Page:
Imran Khan’s arrest brings Pakistan closer to the edge

A supporter of Pakistan's former Prime Minister Imran Khan clashes with police officers in Islamabad on May 10 (Photo: AP)
A supporter of Pakistan's former Prime Minister Imran Khan clashes with police officers in Islamabad on May 10 (Photo: AP)


  • His supporters are willing to take their fight to the army

Imran Khan was expecting an uneventful day in court when he travelled from Lahore to Islamabad to appear before the Islamabad High Court on May 9th. It was not to be. Thirteen months after he was ousted as prime minister in a vote of no confidence, Mr Khan was bundled off the court’s premises and into an armoured car by paramilitary personnel and deposited in the custody of the country’s anti-corruption authorities. Rather than contest early elections, which he has been demanding for months, the mercurial populist may have to watch general elections scheduled for later this year unfold from a jail cell—provided they are held at all.

The stated reason for Mr Khan’s arrest is alleged corruption in connection with a land deal. (He denies the charges.) Yet the arrest appears to be related to his escalating quarrel with Pakistan’s armed forces. On May 6th Mr Khan claimed in a public rally that Major General Faisal Naseer, of the army’s intelligence arm, was plotting to murder him. Mr Khan had earlier blamed Shehbaz Sharif, who replaced him as prime minister, and other senior government and intelligence officials for a failed attempt on his life in November. He was shot in the leg.

In a rare public statement, the army’s public-relations arm called Mr Khan’s latest allegations “extremely unfortunate, deplorable and unacceptable" and threatened to take legal action. That did not stop Mr Khan from repeating them in a video recorded en route to the court in Islamabad. He was arrested shortly afterwards.

The arrest is the latest development in a political and constitutional crisis that has dragged on for months. Mr Khan has never accepted the legitimacy of his removal from the premiership a year ago. In a bid to force the government to hold early national elections, in January his party, Pakistan Tehreek-e-Insaf (PTI), brought about the dissolution of two provincial assemblies it controlled, including that of the crucial state of Punjab. But Mr Sharif wants unified polls in all four provinces and the centre in October, after parliament completes its term. The crisis turned constitutional when the Supreme Court ordered elections in Punjab on May 14th as demanded by Mr Khan, an order that the central government and parliament have rejected.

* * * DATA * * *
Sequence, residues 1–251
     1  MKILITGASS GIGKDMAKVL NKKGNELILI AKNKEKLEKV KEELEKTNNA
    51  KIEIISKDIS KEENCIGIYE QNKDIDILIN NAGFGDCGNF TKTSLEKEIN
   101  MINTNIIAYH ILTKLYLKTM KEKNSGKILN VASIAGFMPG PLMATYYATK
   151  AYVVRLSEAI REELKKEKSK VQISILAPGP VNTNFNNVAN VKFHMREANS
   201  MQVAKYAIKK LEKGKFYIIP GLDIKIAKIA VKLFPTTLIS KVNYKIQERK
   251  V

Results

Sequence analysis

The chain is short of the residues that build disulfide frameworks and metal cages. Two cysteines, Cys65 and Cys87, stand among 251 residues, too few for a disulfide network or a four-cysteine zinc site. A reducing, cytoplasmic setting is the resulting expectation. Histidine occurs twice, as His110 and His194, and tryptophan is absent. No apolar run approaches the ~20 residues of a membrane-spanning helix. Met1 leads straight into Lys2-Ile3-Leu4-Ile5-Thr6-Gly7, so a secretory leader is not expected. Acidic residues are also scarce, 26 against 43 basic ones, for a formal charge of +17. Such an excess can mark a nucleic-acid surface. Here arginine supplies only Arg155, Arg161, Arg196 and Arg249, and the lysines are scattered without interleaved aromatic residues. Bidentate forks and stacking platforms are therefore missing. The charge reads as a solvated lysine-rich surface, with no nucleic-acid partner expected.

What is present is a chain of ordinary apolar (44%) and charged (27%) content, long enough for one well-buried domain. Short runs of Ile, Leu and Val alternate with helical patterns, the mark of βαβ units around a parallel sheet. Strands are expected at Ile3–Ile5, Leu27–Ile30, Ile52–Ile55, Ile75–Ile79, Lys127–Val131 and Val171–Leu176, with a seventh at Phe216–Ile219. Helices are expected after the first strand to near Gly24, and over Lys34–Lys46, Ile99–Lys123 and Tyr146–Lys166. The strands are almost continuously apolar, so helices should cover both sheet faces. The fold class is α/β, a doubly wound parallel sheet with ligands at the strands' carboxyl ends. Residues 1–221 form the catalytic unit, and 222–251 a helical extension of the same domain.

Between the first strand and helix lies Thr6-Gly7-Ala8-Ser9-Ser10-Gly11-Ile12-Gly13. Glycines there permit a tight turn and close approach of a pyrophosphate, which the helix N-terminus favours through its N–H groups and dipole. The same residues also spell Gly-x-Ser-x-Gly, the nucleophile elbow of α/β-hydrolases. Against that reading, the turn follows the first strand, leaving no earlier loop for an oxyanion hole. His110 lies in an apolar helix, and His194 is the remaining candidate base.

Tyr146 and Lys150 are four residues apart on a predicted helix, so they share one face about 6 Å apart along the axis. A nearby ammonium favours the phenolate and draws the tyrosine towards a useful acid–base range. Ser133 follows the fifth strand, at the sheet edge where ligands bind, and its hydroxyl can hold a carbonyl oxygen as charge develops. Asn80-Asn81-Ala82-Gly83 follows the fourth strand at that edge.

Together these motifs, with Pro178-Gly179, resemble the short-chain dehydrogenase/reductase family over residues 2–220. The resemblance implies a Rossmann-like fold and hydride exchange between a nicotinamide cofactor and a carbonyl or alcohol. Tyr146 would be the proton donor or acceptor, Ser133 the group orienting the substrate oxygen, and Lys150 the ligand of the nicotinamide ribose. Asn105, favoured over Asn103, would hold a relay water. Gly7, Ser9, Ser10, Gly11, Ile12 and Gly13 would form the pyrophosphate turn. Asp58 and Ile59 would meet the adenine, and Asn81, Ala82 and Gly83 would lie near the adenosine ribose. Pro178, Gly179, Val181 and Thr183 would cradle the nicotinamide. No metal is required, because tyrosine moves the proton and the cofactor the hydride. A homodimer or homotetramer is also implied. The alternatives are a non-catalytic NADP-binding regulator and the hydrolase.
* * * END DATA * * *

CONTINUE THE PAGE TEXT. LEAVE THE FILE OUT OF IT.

Mr Sharif and his government appear keen to buy time to improve the economy before elections are held. Annual inflation hit a record rate of 36.4% in April. Food-price inflation is running at 48.1%. GDP growth is projected to be a dismal 0.5% this year. With an estimated $77.5bn in loan repayments due by June 2026, and no sign that the IMF will soon agree to resume a $6.5bn lending programme, Pakistan remains in danger of defaulting despite bilateral support from China. On a visit to Islamabad over the weekend China’s foreign minister called on the country to sort out its chaotic politics and focus on improving the economy.

The more immediate risk is a breakdown of law and order. Small protests have already turned violent. Most dangerously, and unusually in Pakistan’s political history, protests have been directed at military sites. In Lahore, the usually heavily fortified residence of the city’s top military commander was breached by stick-wielding protesters, who smashed windows, set furniture alight and made off with household objects. One protester was seen cradling a peacock. “I took it from the corps commander’s house. It is the people’s money. What they stole, we are taking back," the masked protester said. Protesters could also be seen breaching the main gate of the army’s headquarters in the garrison city of Rawalpindi.

In Pakistan, where the army is both feared and respected, the images on social media of protests against it are an unusual and dramatic sight. The government may be trying to prevent people from seeing them. At the time of publication, Pakistanis across the country were reporting outages of social media, internet and mobile-phone networks.

There is nothing new about a political leader falling out of favour with Pakistan’s army. What is new is the willingness of Mr Khan and his supporters to take the fight to the army. Mr Sharif and his government may fancy their odds of staying in power as Mr Khan skirmishes with the army. But Pakistan could be closer to the edge than they realise.

© 2023, The Economist Newspaper Limited. All rights reserved. From The Economist, published under licence. The original content can be found on

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